Toronto, Wurzburg, Rothenberg, and Dinkelsbuhl
“It was the best of times it was the worst of times.” Charles Dickens.
Stewart Goes Walkies is very grateful to our old friend, Allen Lai, for another of his excellent travelogues.
No doubt (writes Allen) it was the worst of times to travel, the shadow of COVID is still hanging over everyone’s minds, the airlines and airports are struggling to maintain regular service, and flight delays, cancellations, and loss of luggage have become the norm. Not to mention there is a war going on. Many tour operators are suffering due to a lack of tourists and government regulations. But, it is also the best of times to travel. Less crowded, easy to book hotels and restaurants, and less traffic at the tourist spot. I have taken 4 trips since May, the Middle East, Alaska, Florida, and up north in the cottage country. So the next logical trip was Europe.
The trip started off badly. The 7-hour flight to Frankfurt was delayed for six hours. During the whole time, there was no clear announcement as to whether we could actually fly. It was not until 3 am, nine hours after we arrived at the airport, we were finally able to board. Well, look at the bright side, we were on our way.
We landed in Frankfurt in the late afternoon. I love Germany, always so efficient and orderly.
Our first stop was Wurzburg. The site of a Celtic settlement, it was first mentioned as Virteburch in 704. A centre of grape growing and of rail and river traffic. Although much of the city was destroyed in World War II, its postwar reconstruction has been thorough.
Standing on the medieval Main Bridge, looking up to the Celtic hill fortress, which was the residence of the bishops (c. 1250 – 1720). The locals are drinking and chatting away everywhere. It’s difficult to think a war is raging nearby. I sampled the famous local Wurzburg Silvaner and Traminer wine. Both are the vino of choice by the locals, fruity and full-bodied, the latter one is sweet and is recognized as the “wine for women”. I love it, both are refreshing and will be lovely on a day like today.
We arrived at Rothenberg in the late evening. The well-preserved walled city with all the Gothic and Renaissance architecture, and Baroque and Rococo styles buildings are everywhere. It never failed to surprise me. We checked into Hotel Goldener Hirsch, which is a 13th-century building, right next to Rothenburg ob der Tauber, the most famous hashtag tourist spot, any closer, I will be right on top of it. The city is quiet compared with my last two visits years ago. The usual tourists are missing. Wandering around the quiet cobblestone street at night, all familiar sights and fond memories came back.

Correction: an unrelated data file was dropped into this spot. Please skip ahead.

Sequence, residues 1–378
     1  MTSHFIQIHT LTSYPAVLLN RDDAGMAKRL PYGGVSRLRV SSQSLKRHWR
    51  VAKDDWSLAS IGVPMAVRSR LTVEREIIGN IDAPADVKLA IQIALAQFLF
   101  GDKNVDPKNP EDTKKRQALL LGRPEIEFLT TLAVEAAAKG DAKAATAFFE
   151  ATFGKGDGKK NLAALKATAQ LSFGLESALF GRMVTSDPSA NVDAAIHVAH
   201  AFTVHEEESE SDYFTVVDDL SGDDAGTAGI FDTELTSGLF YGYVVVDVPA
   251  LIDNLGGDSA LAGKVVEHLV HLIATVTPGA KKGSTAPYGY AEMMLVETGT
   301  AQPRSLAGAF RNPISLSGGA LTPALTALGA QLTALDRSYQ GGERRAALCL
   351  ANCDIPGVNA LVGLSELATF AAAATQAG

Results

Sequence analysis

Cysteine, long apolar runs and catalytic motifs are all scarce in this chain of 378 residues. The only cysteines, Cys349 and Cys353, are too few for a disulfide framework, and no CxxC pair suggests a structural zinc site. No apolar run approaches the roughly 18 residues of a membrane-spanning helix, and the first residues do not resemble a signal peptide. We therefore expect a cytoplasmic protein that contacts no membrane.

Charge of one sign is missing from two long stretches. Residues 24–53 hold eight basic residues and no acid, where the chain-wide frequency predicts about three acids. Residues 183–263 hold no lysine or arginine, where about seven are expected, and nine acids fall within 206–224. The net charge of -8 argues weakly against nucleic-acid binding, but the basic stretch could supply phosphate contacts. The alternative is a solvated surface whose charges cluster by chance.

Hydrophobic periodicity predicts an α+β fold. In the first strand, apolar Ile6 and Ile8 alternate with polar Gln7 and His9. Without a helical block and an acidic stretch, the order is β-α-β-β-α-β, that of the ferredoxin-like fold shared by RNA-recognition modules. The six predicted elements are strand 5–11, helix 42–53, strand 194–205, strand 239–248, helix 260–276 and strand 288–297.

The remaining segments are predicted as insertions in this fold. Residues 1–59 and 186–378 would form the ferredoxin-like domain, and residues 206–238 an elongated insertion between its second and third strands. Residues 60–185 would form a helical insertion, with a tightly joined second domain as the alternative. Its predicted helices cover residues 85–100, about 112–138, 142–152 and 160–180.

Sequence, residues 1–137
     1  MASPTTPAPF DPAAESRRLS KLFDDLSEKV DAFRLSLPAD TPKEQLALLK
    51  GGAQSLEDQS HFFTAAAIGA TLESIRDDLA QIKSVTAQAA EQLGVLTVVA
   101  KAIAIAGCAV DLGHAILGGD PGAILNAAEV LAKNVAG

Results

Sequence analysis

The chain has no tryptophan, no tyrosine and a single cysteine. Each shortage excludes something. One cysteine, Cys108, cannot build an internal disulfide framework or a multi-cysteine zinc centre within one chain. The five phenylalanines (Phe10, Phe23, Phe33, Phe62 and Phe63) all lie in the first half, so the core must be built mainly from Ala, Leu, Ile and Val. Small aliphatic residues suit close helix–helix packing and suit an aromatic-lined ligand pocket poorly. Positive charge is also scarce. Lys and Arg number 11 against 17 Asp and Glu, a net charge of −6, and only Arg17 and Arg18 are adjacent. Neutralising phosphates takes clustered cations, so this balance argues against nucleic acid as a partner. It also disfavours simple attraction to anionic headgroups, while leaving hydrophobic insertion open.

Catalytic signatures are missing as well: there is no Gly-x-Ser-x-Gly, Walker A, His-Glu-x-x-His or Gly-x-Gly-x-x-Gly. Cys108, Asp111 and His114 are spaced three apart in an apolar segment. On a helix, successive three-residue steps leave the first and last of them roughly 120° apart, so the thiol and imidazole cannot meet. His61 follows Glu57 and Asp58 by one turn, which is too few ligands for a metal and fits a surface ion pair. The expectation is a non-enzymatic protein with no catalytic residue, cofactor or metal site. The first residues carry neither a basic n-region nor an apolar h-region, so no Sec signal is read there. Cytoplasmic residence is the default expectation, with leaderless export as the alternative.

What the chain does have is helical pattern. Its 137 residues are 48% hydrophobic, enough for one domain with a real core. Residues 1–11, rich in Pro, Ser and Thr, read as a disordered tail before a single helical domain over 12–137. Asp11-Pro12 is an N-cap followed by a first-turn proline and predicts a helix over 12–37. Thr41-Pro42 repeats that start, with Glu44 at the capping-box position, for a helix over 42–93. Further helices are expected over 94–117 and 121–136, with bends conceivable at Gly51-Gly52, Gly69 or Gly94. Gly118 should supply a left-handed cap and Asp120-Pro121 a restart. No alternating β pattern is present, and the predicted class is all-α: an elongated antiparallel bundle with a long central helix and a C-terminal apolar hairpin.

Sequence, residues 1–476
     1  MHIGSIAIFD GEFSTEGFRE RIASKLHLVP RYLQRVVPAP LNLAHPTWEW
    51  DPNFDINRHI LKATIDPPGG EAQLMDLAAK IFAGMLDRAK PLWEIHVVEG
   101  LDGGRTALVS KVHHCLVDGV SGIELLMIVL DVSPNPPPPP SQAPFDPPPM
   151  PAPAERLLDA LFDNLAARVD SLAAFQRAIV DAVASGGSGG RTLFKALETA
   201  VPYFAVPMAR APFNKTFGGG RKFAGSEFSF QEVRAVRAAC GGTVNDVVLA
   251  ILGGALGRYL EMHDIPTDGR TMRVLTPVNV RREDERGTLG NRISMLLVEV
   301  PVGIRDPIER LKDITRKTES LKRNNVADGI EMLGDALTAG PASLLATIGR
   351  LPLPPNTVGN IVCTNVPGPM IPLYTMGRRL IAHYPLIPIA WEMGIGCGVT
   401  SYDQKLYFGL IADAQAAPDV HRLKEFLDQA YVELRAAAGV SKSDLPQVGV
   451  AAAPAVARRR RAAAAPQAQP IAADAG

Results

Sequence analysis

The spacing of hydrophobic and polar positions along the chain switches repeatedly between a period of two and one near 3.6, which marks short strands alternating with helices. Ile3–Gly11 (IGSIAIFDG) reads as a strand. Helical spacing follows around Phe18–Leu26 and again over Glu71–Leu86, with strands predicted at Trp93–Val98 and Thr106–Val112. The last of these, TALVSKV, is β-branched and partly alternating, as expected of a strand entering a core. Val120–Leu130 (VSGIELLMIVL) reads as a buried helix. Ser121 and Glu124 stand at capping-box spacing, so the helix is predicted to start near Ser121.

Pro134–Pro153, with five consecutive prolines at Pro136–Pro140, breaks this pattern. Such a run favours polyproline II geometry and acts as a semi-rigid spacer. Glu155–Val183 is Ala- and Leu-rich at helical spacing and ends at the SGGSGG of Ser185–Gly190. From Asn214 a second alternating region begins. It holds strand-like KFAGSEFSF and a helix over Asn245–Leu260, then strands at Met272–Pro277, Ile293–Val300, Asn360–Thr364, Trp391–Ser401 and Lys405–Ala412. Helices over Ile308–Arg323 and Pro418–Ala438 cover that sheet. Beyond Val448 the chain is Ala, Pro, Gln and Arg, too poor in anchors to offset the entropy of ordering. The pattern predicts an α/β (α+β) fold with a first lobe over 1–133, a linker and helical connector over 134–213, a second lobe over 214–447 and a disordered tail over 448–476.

We woke up before sunrise to explore the beautiful city of Rothenburg. The city was quiet. Gone were the days when every inch is packed with tourists from all over the world. The few I encountered were Germans from another city.
After breakfast, we continued our journey to Dinkelsbuhl. Dinkelsbuhl may be the most romantic stop on southern Germany’s Romantic Road, with Renaissance patrician houses encircled by Medieval walls and sky-scraping gatehouses. The 15 century gothic St. George church at the town center, famed as one of Germany’s largest “Hall Church”, is massive and beautiful.
Then it was time for lunch at the star-rated Michelin restaurant, Altdeutsches Restaurant. This Old German Restaurant is in the Hotel Deutsches Haus which was built in 1440. It is a place of enjoyment and relaxation in one of the most beautiful half-timbered buildings in Germany. We were enjoying modern Franconian cuisine at the highest level.
Allen’s enjoyment of history and culture is evident in his photos and text. He continues his adventures in Part Two and we look forward to seeing it. SGW.
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